Despite the success of buprenorphine, getting access to treatment still remains a problem for many Bronx residents. In February 2019, the New York State Department of Health released new guidelines encouraging SAMHSA-approved doctors to “start prescribing buprenorphine, and if already prescribing to increase the number of patients under care.” 

But the question remains, why do these two boroughs, facing the same crisis receive such different modalities of treatment?

From the start, buprenorphine treatment catered to affluent white patients who did not want to be associated with the stigma of receiving treatment at methadone clinics. 

“In the case of opioids,” writes Dr. Helena Hansen, Associate Professor of Psychiatry at NYU Langone. “Addiction treatment itself is being selectively pharmaceuticalized in ways that preserve a protected space for White opioid users.”

Buprenorphine was developed in 1966, but failed at catch on until it’s resurgence 30 years later, which, argues Hansen, coincides with the rise of opioid use in white communities. When buprenorphine was legalized as a treatment for opioid addiction, in the 2000 Drug Addiction Treatment Act (DATA 2000), a group of lawmakers who opposed the DATA 2000 bill foresaw that it would “consign ‘hard core’ users to the existing and widely recognized as failed system.”

Sure enough, as the opioid epidemic exploded in in New York City, buprenorphine was increasingly available only to those who could afford private insurance. Between 2009 and 2016, the number of buprenorphine prescriptions on private insurance increased by over 4.5 times, while the number on medicaid fell nearly by half. In 2016, over three-quarters of buprenorphine prescriptions were paid for by private insurance.

While the city’s $60 million HealingNYC initiative has shown modest success in reducing the number of overdoses city-wide and increasing buprenorphine prescriptions, it hasn’t been enough in the Bronx, where opioid deaths continue to increase. 

“It’s supply and demand,” said Dr. Tiffany Lu, Medical Director of the Montefiore Buprenorphine Treatment Network. “The Bronx does not have enough capacity because it historically had the burden of the disease.”

And while money for outreach and education programs are essential, the greatest hurdle in the Bronx is finding physicians like Littleton and Lu who are able and willing to prescribe buprenorphine.

Under DATA 2000, prescribers are required to obtain special wavers to even be allowed to prescribe the treatment. Completing the requirements can be an arduous burden to already-overextended care providers. Doctors are required to attend eight hours of training and clinicians (including nurse practitioners and physicians assistants) are required to take 24 hours of training.

However, once a physician has a waiver to prescribe buprenorphine, they are only allowed to treat 30 patients in their first year. This cap increases to 100 and 275 patients in their second and third year, but the cap still contributes to the shortage of access to buprenorphine prescribers, according to a letter by the New York State Department of Health.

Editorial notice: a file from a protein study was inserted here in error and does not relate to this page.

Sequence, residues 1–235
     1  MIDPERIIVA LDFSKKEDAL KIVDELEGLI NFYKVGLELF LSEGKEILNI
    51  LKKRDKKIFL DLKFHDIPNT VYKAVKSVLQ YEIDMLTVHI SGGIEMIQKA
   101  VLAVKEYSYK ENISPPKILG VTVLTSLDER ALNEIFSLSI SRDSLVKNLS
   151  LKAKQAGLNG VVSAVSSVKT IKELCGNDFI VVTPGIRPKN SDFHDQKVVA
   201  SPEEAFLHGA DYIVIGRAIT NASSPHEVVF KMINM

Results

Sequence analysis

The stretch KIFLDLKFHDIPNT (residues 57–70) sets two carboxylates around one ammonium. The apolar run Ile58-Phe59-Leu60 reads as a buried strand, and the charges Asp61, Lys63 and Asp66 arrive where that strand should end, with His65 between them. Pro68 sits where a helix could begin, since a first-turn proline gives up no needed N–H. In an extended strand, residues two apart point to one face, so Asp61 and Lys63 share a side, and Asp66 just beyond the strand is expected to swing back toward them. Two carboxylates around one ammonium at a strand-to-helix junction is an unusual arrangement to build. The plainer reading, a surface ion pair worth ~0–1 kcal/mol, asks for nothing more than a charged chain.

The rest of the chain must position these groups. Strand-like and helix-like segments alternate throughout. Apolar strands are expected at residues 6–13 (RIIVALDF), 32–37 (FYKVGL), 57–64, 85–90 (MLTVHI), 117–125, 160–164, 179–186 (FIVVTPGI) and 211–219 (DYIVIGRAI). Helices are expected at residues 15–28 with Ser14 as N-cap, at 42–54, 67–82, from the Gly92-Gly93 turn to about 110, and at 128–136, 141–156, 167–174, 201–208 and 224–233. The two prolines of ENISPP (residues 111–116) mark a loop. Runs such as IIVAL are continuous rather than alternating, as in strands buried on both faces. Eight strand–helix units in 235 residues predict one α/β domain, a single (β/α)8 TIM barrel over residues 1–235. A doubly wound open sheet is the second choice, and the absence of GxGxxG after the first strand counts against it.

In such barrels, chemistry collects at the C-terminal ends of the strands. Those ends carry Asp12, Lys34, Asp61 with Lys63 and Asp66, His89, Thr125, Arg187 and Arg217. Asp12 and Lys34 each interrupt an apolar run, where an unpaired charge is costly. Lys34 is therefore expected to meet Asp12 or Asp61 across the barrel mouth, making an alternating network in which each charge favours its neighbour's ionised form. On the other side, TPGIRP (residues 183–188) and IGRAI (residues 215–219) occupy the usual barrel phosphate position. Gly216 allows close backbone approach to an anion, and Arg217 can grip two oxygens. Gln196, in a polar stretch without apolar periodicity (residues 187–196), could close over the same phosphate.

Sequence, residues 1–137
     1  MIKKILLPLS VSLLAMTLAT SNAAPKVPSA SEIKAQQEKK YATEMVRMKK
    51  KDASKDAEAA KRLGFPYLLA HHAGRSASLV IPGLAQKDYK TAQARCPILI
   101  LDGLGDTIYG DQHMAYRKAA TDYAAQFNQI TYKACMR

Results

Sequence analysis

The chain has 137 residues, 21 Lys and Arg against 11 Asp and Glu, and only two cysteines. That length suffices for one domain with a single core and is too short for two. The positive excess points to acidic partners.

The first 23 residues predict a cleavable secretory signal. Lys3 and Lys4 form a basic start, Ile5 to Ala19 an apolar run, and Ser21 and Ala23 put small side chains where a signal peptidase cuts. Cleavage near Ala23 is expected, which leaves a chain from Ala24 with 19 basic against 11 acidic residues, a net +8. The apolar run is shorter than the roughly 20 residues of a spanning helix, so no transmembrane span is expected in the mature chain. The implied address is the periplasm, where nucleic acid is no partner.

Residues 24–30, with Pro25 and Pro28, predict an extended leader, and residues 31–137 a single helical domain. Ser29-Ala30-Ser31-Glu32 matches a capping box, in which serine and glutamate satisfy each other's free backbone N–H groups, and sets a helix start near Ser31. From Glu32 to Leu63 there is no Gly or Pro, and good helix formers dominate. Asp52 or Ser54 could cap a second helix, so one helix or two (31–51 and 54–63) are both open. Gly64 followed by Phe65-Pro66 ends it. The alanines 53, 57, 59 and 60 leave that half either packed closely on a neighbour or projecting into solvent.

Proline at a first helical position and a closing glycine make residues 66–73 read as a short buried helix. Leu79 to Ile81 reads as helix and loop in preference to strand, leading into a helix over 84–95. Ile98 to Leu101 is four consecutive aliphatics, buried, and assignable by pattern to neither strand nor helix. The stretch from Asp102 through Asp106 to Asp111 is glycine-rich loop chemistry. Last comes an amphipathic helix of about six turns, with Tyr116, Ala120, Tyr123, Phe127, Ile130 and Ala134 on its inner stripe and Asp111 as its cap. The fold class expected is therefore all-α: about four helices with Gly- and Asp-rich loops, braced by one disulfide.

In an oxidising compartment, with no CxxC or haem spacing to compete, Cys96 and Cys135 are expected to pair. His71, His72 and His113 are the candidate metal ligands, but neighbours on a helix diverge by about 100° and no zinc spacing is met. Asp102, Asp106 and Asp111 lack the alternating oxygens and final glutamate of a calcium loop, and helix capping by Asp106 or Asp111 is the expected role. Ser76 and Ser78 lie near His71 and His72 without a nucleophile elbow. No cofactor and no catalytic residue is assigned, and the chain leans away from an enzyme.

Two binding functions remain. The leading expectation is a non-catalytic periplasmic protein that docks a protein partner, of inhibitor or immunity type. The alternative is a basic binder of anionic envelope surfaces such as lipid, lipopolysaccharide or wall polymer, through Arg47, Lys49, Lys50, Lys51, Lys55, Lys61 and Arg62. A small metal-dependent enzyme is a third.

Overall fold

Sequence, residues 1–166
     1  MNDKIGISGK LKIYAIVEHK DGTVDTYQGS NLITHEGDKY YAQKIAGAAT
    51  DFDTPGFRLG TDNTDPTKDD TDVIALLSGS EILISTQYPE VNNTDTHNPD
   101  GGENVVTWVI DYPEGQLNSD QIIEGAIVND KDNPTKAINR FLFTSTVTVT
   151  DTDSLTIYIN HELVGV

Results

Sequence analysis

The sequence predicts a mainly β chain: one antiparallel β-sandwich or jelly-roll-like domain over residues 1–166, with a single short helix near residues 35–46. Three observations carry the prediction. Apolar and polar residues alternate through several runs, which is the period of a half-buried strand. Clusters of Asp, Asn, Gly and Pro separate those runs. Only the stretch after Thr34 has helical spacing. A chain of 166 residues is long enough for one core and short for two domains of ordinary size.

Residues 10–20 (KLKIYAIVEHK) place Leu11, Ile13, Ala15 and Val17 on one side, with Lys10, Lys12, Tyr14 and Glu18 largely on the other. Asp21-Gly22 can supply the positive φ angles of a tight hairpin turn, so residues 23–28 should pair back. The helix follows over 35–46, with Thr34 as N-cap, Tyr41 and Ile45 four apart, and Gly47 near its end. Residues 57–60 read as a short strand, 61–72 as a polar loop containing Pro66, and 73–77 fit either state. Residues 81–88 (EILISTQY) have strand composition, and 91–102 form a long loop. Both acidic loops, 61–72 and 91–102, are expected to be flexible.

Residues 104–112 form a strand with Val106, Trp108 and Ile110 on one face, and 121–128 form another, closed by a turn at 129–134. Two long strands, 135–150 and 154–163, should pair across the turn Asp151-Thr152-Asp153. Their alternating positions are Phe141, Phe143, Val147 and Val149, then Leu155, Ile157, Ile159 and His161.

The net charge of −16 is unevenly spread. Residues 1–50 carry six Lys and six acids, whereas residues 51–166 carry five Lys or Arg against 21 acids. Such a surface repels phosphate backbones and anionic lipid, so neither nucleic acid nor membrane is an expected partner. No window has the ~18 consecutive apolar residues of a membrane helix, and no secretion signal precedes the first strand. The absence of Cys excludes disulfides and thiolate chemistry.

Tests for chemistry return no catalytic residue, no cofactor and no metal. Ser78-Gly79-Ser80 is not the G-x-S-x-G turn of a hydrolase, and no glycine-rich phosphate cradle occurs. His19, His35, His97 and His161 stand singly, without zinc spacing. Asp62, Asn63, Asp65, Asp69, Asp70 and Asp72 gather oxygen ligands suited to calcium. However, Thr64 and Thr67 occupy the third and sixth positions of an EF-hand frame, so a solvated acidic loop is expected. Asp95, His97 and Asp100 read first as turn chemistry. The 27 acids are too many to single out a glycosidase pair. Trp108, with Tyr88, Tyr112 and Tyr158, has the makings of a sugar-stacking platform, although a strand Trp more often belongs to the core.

Some physicians question the need for a waiver at all. “[Buprenorphine is] a schedule III drug,” said Littleton. “It’s less addicting substance than opiates, but prescribers are able to provide [opiates] at will without training.”

A bipartisan bill, the Mainstreaming Addiction Treatment Act of 2019, has been introduced to both the House and Senate. The bill would allow physicians to prescribe buprenorphine without a DEA waiver.

Still, even some physicians who interact with opioid-addicted patients may be reticent to start buprenorphine treatment. 

Rikin Shah, Chief Resident at St. Barnabas Hospital in the Bronx, is not waivered to prescribe buprenorphine. In the emergency department, where he typically encounters such patients, initiating buprenorphine treatment would require counseling and monitoring, and in a 200-bed room, where other patients require attention, he doesn’t feel that starting new medication is a good idea.

“We may not be able to monitor how they are doing on the medication, whether they need changes in doses, or if they are having any adverse drug/side effects,” Shah wrote in an email. “This is dangerous for our patients.”

Emergency departments are not the appropriate venue for starting addiction treatment, Shah continued, and promoting them as such might lead to an abuse of their resources. 

“We need to optimize our resources to taking care of the sickest patients and to those who are at risk of losing their life…. More often than not, although withdrawal symptoms are uncomfortable, they are not life threatening,” Shah’s email continued. “Emergency departments become in a way suboxone/methadone clinics as patients can find coming to the [emergency department] the most convenient way to treat their withdrawals.”